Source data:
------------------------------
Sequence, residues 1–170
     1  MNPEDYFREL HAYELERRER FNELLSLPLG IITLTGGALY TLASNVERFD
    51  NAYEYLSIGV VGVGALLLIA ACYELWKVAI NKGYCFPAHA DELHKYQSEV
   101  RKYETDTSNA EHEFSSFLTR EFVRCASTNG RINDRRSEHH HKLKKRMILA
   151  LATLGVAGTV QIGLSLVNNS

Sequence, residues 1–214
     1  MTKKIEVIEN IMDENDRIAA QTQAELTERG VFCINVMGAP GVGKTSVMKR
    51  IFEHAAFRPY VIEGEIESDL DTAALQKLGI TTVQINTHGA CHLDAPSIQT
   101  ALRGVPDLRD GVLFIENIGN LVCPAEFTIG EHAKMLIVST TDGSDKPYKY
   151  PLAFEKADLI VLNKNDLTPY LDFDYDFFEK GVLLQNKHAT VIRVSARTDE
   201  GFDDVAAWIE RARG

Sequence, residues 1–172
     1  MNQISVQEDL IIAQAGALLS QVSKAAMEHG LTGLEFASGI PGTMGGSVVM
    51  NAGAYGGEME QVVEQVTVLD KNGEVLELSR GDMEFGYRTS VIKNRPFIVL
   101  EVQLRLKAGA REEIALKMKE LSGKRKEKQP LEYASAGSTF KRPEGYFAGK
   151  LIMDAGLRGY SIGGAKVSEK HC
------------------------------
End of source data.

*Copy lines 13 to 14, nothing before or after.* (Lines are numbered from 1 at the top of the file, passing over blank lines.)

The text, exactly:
     1  MNQISVQEDL IIAQAGALLS QVSKAAMEHG LTGLEFASGI PGTMGGSVVM
    51  NAGAYGGEME QVVEQVTVLD KNGEVLELSR GDMEFGYRTS VIKNRPFIVL